18 countries in phase II
8 countries in phase III
DESCRIPTION OF THE ASSIGNMENT
Evaluation objectives and issues to be studied
2.1.1. Objectives and coverage
The Mid-Term evaluation will provide the decision-makers in the ACP Secretariat, the European
Commission and the wider public with sufficient information to:
• Make an overall independent assessment about the performance of the programme,
paying particularly attention to the impact of the programme actions against its
• Identify key lessons and to propose practical recommendations for follow-up actions.
The present evaluation should cover the current implementation period of the 10th EDF
contribution but should also take into account the findings of the final evaluation of the
PSUP I under the 9th EDF and to assess the level of implementation of the recommendations
during PSUP II. In particular the study should evaluate how Country profiles (Phase I) have been
integrated in action plans (Phase II) and consequently in pilot projects (Phase III).
A sample of 12 countries has been selected for specific detailed case studies as part of this
evaluation and for which a specific and detailed field assessment will have to be carried out. The
evaluation team should however develop specific tools (such as questionnaires for instance) to
evaluate the remaining countries covered under the PSUP as the entire sample for this evaluation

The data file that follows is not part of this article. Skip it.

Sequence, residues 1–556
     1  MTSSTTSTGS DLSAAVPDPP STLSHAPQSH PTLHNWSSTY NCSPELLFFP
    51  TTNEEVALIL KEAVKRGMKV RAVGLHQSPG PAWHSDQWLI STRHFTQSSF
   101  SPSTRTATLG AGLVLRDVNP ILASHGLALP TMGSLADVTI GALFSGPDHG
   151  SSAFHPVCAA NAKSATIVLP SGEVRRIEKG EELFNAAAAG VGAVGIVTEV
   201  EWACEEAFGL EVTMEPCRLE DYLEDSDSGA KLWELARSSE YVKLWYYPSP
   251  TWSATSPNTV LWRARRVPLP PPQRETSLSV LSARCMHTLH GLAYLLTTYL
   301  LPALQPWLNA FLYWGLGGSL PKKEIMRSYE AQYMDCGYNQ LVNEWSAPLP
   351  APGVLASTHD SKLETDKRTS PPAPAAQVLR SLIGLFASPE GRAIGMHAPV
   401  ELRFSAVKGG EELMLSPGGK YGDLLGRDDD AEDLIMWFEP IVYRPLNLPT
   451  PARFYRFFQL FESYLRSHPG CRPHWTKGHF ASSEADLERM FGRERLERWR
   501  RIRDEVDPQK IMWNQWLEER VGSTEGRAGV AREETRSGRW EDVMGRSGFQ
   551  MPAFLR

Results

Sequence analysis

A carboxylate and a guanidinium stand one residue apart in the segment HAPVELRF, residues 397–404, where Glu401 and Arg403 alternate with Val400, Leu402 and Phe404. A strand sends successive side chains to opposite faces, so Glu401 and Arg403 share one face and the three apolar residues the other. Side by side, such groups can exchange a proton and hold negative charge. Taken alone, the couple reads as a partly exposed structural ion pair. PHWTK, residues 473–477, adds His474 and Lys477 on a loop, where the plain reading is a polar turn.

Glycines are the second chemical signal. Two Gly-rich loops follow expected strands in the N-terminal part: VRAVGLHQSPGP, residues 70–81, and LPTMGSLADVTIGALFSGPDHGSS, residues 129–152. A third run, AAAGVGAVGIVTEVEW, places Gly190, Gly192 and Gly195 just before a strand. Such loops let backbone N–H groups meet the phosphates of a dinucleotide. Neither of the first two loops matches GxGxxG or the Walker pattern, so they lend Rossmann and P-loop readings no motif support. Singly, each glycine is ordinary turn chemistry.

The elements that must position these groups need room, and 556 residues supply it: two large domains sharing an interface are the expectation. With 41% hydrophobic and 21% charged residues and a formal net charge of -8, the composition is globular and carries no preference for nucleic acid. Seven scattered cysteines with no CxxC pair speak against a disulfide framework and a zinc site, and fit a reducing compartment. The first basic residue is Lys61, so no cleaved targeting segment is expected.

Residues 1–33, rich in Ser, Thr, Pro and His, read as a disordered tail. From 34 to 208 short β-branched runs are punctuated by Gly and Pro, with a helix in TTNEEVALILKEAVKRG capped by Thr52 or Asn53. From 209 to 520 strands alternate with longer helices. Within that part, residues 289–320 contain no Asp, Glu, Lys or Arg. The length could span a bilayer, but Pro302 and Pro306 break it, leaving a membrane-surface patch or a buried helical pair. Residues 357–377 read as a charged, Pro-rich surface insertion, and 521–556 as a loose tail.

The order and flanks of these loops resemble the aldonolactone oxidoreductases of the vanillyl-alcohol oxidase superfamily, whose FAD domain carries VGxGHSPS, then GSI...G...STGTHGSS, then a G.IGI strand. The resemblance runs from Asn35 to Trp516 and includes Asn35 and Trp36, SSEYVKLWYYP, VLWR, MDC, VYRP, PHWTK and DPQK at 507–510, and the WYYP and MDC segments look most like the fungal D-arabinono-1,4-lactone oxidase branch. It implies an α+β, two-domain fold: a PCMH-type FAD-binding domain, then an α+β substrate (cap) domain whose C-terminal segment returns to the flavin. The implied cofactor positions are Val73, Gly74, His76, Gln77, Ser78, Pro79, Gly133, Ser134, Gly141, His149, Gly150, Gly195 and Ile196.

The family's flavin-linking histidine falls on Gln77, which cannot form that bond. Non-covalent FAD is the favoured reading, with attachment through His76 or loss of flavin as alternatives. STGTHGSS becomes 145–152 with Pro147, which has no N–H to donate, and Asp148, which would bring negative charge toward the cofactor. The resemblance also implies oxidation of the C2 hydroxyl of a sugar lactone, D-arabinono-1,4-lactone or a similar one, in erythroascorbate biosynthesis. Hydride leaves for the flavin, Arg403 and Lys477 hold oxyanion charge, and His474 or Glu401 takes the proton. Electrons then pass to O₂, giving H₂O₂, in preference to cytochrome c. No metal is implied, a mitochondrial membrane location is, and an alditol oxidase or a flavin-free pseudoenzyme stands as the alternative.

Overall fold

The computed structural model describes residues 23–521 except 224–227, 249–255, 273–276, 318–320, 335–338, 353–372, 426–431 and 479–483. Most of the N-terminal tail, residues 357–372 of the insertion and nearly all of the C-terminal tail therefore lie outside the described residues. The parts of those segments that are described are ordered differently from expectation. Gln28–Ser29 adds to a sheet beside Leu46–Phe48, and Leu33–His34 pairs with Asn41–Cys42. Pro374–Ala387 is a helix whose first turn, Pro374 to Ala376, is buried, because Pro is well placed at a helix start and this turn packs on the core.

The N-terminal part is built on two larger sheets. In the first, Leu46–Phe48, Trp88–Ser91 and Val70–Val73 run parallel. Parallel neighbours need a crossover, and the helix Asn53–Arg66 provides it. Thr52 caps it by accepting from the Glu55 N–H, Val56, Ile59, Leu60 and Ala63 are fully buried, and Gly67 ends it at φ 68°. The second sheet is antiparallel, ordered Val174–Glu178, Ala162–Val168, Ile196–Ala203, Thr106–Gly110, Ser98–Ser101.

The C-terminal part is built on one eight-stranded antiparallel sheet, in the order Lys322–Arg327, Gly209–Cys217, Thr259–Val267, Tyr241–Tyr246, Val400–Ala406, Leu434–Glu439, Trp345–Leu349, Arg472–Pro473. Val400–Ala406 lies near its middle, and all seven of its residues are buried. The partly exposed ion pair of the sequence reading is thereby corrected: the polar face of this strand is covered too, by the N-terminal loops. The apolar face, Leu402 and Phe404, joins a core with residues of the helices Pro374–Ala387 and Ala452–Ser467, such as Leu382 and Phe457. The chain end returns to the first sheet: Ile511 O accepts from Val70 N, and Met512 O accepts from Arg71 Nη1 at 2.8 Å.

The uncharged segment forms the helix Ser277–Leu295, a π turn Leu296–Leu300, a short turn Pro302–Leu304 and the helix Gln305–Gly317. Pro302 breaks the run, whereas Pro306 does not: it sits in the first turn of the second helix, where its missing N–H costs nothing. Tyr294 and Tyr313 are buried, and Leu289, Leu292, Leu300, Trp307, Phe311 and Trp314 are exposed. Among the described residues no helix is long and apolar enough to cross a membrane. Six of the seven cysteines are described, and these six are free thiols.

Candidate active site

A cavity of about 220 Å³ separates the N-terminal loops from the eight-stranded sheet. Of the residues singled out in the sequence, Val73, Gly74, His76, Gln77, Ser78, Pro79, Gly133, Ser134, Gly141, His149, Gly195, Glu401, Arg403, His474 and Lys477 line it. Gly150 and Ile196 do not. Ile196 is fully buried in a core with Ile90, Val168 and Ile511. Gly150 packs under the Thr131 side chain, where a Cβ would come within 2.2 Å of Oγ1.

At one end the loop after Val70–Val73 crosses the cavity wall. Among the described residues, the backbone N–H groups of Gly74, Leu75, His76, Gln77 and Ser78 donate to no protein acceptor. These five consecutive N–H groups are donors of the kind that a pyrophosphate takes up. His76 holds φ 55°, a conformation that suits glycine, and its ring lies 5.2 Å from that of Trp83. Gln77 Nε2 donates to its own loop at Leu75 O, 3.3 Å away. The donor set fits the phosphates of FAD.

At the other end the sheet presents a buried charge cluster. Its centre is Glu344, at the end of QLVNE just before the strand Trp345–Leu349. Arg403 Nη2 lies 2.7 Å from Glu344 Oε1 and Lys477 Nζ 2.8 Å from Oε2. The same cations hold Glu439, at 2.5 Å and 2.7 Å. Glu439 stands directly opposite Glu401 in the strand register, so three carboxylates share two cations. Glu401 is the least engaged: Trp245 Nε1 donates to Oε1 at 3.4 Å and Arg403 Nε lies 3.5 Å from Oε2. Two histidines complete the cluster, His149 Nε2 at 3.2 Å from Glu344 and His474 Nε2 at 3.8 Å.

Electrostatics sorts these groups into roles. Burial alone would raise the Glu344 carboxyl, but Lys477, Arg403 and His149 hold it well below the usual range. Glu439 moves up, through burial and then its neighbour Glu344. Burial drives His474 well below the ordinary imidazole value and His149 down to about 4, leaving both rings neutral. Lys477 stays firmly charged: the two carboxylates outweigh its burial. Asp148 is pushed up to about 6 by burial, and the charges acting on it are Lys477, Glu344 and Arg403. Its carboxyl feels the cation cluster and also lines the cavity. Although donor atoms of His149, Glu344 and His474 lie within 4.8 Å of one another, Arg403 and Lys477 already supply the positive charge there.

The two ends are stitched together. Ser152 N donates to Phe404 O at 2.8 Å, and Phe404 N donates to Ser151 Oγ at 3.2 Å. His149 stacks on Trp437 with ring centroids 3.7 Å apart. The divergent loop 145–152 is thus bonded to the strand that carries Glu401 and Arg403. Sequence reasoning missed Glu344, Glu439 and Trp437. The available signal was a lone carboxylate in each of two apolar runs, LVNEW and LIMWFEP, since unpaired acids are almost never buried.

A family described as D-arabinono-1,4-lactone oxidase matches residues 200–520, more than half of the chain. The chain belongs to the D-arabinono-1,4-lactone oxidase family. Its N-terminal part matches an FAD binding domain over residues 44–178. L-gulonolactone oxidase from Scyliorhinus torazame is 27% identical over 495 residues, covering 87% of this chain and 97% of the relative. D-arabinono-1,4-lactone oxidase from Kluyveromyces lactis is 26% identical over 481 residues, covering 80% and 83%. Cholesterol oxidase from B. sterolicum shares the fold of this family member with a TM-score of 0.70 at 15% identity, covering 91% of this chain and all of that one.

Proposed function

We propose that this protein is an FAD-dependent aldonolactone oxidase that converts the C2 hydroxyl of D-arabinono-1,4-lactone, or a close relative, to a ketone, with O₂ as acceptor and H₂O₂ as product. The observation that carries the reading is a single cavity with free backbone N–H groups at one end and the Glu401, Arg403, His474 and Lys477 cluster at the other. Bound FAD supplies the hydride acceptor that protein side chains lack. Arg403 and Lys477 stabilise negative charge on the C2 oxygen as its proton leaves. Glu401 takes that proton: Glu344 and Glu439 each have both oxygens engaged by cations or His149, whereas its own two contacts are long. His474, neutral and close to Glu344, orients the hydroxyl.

includes all 34 countries covered by the programme.
2.1.2. Issues to be studied and Evaluation questions
The consultants shall verify, analyse and assess in detail the issues outlined in Annex II "Layout
and structure of the Final Report". The list of issues is not intended to be exhaustive. The issues
refer to the five evaluation criteria endorsed by the OECD-DAC (relevance, effectiveness,
efficiency, sustainability and impact), and to the EC-specific evaluation criteria (EC added value
and coherence). It should be noted that while always taking into account these standard
evaluation criteria this evaluation will be organised around a set of specific evaluation questions
(a maximum of 10). In such an approach, the criteria will be translated into specific questions,
and each question may address one or more of the criteria in its intent.
The consultants are also requested to verify, analyse and assess the integration and impact of
cross cutting issue in the project. The consultants are required to use their professional judgement